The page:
Jun 1, 2022 - Politics & Policy

Charted: Two Americas Index

Percentage who say they have <span style="border-bottom: 2px solid #000;">&nbsp;&nbsp;&nbsp;&nbsp;&nbsp;&nbsp;&nbsp;&nbsp;&nbsp;&nbsp;</span> in the past year
Data: Axios/Ipsos poll; Chart: Axios Visuals

Just 38% of Americans say they have something in common with people of a different race, ethnic background or political party — but that's much higher than six months ago, according to the new Axios-Ipsos Two Americas Index.

Why it matters: Opposition to Russia's invasion of Ukraine may be one factor bringing Americans together, researchers said, and as the 2020 election recedes, people may be more open to seeing past their differences.

The big picture: These are key early takeaways from the monthly national poll, which looks at polarization through the lens of social behavior and responses to events in the news.

  • We welcome your ideas for questions.

How it works: Starting last December, respondents each month were asked: When was the last time you shared a meal with someone from a different racial or ethnic group or political party than you own?

  • They also were asked: How much, if anything, do you think you have in common with Americans who identify as white / Black / Hispanic / Asian / Democrats / Republicans / evangelical Christians / agnostic?

By the numbers: The percentage of Americans sharing a meal with someone in a different group essentially stayed flat, from 52% in December to 50% in May.

  • But the share saying they have something in common with people from different groups rose, from 28% to 38%. That rise appeared to cement in February, the same month Russia invaded Ukraine.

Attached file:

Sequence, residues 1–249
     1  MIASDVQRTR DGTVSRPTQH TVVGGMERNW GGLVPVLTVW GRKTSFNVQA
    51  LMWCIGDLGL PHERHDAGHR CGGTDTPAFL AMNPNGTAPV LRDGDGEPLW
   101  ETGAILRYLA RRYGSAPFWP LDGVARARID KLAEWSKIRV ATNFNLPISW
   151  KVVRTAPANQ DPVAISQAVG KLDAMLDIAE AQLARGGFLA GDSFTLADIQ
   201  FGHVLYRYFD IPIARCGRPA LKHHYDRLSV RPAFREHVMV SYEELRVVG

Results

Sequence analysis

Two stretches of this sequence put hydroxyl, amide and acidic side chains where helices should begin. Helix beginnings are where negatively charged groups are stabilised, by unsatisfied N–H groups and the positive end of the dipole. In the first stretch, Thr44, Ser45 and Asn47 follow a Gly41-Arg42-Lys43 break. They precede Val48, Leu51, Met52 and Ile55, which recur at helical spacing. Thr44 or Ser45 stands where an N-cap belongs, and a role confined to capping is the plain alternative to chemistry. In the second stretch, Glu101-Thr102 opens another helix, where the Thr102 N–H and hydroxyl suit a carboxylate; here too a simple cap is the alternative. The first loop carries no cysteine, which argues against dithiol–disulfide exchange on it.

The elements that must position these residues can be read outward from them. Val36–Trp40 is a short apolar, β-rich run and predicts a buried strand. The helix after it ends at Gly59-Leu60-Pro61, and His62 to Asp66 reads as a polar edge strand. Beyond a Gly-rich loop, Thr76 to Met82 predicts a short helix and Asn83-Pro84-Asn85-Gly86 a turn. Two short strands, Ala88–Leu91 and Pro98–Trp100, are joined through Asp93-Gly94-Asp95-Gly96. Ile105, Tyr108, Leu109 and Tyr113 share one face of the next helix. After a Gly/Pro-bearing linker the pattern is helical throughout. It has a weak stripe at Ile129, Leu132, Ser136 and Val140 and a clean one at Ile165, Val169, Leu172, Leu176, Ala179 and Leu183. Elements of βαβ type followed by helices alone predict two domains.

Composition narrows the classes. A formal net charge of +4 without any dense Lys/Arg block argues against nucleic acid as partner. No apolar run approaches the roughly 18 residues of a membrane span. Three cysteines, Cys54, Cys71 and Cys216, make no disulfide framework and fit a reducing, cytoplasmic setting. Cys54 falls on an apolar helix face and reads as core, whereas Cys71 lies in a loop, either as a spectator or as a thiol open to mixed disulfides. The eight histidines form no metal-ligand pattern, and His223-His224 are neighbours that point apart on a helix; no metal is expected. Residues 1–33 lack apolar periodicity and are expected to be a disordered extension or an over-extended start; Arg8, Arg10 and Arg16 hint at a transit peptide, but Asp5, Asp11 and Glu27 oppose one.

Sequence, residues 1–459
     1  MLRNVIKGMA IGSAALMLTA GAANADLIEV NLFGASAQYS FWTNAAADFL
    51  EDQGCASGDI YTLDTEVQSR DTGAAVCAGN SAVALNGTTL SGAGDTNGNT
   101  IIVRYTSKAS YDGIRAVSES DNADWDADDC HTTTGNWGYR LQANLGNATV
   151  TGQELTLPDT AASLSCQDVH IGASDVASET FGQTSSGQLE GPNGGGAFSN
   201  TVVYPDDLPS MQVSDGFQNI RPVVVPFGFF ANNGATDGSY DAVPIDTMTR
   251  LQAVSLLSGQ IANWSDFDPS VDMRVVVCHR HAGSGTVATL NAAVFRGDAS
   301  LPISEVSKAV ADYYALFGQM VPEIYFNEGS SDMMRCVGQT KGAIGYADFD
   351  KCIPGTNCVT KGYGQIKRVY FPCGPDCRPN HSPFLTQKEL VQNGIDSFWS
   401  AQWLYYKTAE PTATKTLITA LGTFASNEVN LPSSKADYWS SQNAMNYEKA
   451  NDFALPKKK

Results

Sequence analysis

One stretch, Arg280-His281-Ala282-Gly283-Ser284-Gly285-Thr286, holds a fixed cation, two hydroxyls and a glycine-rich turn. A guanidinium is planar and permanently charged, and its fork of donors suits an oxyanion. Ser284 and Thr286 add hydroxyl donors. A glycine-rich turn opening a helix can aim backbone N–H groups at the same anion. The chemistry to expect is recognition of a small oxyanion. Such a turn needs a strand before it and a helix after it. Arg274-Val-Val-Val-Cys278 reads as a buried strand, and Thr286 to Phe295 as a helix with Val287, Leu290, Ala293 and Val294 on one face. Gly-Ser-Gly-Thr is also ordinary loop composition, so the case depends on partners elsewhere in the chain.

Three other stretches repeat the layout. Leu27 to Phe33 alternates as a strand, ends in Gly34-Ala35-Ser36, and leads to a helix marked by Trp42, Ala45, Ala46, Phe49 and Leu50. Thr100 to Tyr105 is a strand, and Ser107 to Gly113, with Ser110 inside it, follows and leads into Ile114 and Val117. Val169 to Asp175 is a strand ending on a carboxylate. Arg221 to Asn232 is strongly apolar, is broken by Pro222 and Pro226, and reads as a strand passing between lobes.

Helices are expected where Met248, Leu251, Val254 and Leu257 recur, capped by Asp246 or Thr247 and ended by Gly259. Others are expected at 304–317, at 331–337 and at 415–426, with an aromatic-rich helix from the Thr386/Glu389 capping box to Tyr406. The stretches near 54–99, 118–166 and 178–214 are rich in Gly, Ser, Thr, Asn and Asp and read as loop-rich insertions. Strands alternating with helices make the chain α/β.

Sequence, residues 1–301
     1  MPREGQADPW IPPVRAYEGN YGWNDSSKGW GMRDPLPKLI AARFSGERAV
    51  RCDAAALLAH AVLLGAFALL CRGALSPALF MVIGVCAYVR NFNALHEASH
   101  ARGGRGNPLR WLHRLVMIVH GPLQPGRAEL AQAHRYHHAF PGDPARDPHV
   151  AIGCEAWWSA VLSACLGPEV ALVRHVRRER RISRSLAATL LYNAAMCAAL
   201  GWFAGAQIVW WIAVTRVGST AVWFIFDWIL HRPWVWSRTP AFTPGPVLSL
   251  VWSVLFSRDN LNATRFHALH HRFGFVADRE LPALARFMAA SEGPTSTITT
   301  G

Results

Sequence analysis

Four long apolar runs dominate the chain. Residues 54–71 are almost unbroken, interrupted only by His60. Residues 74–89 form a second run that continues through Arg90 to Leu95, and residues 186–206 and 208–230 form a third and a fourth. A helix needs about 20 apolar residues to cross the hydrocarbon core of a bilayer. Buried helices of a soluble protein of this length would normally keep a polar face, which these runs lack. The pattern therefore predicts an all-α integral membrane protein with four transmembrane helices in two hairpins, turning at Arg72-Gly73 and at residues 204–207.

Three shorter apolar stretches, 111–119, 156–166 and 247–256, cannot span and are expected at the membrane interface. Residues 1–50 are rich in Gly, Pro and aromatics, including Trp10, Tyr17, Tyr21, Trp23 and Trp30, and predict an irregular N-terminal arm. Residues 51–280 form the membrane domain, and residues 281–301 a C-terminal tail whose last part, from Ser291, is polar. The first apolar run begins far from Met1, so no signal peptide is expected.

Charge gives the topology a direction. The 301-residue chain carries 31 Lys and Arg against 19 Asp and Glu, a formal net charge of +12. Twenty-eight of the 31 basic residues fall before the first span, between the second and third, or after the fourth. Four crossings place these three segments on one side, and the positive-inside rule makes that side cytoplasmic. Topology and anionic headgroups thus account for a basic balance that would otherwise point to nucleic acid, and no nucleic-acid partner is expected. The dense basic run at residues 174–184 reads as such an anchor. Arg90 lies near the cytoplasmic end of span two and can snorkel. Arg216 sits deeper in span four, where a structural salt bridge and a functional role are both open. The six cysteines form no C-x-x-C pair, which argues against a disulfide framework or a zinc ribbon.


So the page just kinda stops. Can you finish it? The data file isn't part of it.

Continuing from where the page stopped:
What they're saying: "We have seen a change in the sentiment even if we haven’t seen a change in the behavior," said Ipsos pollster and senior vice president Chris Jackson.

  • "It does suggest if we can get people to interact socially with other people, we can build better bridges across society," Jackson said. "How to do that is the challenge."
  • Justin Gest, an associate professor at George Mason University who studies the politics of demographic change, also advised the project.

What we're watching: How the school shooting in Uvalde, Texas, and congressional efforts at a bipartisan compromise to address gun violence, will impact Americans' sense of commonality.

Methodology: This Axios/Ipsos Poll is conducted monthly by Ipsos on their online survey panels in English. This poll is based on a sample of approximately 1,000 general population adults age 18 or older per month, weighted on age, gender, race/ethnicity, education, and location to be nationally representative.

  • The margin of sampling error is ±3.5 percentage points at the 95% confidence level, for results based on the entire sample of adults.
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